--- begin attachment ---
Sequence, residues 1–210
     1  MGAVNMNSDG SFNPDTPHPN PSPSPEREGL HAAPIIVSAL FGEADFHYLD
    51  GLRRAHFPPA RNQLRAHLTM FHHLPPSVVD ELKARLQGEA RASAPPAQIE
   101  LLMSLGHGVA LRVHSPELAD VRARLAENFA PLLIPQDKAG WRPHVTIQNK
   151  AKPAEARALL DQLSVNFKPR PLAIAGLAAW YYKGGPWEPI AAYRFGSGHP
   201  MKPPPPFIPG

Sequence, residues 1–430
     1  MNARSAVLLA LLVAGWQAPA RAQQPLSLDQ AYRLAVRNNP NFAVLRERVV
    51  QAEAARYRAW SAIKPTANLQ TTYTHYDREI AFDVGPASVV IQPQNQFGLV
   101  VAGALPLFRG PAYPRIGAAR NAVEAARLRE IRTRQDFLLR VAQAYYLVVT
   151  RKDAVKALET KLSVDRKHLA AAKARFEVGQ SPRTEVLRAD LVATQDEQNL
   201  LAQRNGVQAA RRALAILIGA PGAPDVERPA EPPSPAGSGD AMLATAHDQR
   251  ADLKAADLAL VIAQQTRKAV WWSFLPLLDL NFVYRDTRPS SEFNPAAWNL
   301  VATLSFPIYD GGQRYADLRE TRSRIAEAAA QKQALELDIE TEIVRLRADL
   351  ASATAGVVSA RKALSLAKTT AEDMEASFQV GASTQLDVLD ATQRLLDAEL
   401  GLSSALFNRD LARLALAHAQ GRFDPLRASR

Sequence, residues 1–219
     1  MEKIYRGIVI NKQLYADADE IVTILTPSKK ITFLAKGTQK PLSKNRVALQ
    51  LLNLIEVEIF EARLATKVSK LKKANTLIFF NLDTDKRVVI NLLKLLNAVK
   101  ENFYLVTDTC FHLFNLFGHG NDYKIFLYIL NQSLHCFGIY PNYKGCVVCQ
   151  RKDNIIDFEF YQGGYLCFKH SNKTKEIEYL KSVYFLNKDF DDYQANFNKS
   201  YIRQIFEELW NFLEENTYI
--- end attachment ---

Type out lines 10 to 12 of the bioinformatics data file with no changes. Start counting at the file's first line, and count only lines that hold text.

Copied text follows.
   101  VAGALPLFRG PAYPRIGAAR NAVEAARLRE IRTRQDFLLR VAQAYYLVVT
   151  RKDAVKALET KLSVDRKHLA AAKARFEVGQ SPRTEVLRAD LVATQDEQNL
   201  LAQRNGVQAA RRALAILIGA PGAPDVERPA EPPSPAGSGD AMLATAHDQR